October 24, 2012

Climbing Up and Out

In the 80s, there was this great HBO comedy special called the Kathy and Mo Show.  It was absolutely hilarious.  Absolutely.  You don’t hear much about it, but it sticks in my mind as a watershed moment not only in comedy but also in women’s rights.  They were saying things that people only thought, that I only thought. It was put on by Kathy Najimy and Mo Gaffney. 

One skit had no dialog.  It was Mo pantomiming a woman getting dressed in the morning.  Hilarious. Another, which I’ve put below, was two angels figuring out how to have humans reproduce.  But one that sticks in my mind is a typical bar scene.  Kathy plays a drunk and Mo plays a bouncy cocktail waitress.  There’s some funny banter, but then Mo looks at the camera and talks about how awful the life of a waitress is.  She says something like, “It’s the goddamn shower.  Every day, I have to get up and take a shower, but I think, what’s the point.  Tomorrow, I’ll just have to take another goddamn shower.”

That’s exactly what I’ve been feeling lately.  Yep, depression, part of my long-cycle mild manic depression. I think I get it every year at this time. Which is funny because I love the fall.

The symptoms are that I am just so tired that I don’t feel up to doing anything or facing anything—whether it’s taking the kids to another event or even just returning an email from a friend. When I’m in that state, the emotional energy it takes to read an email and respond feels like too much, and I avoid my email and the internet and Facebook.  I get a little phobic about it.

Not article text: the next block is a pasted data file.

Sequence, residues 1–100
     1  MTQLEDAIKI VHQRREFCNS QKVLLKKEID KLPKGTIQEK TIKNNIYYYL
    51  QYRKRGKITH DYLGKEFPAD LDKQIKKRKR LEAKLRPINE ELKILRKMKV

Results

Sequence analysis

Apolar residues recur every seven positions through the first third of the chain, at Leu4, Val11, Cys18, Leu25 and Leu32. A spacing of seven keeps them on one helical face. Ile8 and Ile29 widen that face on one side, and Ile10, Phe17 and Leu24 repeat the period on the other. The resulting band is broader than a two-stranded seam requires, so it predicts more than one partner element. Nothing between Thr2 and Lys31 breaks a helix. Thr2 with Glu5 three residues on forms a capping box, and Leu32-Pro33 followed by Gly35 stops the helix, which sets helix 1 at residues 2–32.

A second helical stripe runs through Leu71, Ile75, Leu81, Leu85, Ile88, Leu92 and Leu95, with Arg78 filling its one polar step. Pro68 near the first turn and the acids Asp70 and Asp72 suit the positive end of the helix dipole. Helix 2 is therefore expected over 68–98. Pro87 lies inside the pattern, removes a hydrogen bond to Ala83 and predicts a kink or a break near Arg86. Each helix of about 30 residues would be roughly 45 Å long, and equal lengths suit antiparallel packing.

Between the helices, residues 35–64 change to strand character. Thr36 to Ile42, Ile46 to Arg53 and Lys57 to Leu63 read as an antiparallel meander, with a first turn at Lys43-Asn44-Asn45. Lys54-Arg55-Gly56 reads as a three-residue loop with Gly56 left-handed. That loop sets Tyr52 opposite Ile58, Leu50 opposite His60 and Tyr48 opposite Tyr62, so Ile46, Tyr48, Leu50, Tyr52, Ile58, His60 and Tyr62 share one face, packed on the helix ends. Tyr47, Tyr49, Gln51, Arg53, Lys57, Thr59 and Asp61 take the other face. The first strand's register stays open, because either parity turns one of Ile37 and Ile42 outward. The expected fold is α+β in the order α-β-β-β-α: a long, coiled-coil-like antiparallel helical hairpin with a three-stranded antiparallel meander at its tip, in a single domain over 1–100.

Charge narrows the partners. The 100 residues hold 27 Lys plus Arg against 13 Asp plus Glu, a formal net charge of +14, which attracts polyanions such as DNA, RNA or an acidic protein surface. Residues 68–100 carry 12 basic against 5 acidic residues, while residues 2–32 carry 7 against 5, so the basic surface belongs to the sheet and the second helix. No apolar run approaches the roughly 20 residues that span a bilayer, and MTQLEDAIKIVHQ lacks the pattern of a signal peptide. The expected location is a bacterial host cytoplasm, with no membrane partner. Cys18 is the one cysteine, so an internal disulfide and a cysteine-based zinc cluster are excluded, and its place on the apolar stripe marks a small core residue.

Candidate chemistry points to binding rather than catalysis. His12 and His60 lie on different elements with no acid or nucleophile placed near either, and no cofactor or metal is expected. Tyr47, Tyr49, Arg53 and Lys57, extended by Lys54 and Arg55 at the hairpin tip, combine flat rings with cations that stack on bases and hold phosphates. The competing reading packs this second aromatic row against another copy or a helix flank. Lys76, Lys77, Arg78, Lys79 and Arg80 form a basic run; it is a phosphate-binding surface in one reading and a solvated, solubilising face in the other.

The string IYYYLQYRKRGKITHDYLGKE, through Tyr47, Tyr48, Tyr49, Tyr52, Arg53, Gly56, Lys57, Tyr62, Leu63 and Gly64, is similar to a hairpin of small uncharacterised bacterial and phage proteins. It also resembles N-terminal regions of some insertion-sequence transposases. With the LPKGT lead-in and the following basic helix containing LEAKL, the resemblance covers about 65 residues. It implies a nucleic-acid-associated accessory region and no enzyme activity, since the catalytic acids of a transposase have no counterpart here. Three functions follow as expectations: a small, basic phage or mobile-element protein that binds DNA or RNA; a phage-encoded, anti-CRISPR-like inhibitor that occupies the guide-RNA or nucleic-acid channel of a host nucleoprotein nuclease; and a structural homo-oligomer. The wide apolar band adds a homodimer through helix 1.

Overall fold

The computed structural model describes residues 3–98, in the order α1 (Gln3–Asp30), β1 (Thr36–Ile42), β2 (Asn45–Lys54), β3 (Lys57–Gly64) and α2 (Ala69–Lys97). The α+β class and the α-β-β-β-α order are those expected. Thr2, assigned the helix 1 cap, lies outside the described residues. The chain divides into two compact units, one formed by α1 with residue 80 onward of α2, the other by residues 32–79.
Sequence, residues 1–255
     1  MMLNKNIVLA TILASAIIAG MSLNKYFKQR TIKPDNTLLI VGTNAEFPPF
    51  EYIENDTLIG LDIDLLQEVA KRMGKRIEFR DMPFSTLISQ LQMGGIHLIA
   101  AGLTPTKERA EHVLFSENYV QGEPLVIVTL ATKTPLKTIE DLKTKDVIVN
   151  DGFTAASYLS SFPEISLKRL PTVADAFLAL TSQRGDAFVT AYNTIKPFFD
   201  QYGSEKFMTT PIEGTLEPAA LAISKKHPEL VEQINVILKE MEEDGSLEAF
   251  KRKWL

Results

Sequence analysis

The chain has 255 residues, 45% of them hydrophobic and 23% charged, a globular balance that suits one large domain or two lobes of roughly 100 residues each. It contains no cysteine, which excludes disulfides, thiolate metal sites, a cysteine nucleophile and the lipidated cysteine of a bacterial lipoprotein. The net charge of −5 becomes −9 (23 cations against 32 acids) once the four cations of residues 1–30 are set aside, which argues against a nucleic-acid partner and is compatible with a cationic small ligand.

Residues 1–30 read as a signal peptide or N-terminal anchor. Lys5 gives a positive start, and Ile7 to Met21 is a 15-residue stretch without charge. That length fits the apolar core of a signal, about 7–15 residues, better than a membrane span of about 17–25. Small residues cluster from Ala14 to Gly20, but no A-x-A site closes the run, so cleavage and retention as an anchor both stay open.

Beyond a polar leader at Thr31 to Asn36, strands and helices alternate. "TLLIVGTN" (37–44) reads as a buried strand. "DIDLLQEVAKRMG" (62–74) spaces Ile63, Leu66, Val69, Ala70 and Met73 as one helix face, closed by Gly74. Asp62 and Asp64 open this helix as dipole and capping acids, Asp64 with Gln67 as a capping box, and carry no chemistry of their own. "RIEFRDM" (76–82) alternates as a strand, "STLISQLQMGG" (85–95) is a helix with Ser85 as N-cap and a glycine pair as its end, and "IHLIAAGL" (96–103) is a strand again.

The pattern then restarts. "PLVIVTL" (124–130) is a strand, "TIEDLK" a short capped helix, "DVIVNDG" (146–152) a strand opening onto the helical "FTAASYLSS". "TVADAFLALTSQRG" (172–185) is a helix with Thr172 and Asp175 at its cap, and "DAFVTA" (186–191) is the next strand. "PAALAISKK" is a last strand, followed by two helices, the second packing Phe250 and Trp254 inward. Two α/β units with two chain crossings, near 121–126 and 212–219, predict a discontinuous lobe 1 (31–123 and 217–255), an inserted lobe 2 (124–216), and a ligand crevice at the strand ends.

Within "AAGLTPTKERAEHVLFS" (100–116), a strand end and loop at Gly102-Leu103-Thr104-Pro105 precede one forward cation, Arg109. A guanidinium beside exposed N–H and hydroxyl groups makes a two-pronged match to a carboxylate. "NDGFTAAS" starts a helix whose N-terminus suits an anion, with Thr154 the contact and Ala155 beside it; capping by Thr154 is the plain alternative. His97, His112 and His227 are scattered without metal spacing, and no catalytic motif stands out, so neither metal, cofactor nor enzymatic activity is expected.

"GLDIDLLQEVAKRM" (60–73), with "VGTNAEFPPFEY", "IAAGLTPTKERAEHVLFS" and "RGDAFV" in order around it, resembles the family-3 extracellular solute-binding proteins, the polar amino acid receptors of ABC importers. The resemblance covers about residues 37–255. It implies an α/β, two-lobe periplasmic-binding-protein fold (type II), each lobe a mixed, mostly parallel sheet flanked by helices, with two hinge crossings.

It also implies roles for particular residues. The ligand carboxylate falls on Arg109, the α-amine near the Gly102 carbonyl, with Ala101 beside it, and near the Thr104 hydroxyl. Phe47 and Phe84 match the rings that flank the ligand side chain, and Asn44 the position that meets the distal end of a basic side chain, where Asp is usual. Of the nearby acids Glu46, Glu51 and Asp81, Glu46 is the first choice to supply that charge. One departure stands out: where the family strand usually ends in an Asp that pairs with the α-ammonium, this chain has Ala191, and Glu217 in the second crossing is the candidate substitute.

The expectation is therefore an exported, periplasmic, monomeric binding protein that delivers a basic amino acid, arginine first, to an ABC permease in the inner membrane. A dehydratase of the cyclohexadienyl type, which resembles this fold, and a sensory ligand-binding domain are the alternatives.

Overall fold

Which doesn’t mean I don’t get things done.  In fact, I’ve been busier than ever.  I love my day job, and it’s a great place to work, but I simply haven’t been able to keep up lately.  I have so many small things to do that the big things, like writing longer pieces, keeps getting shoved back until I feel overwhelmed with the big things I HAVE to get done.  So I have to shut my cube door to get one big thing done and then all the little things pile up.  Emails asking for this and that, oh, and that thing I asked for last week.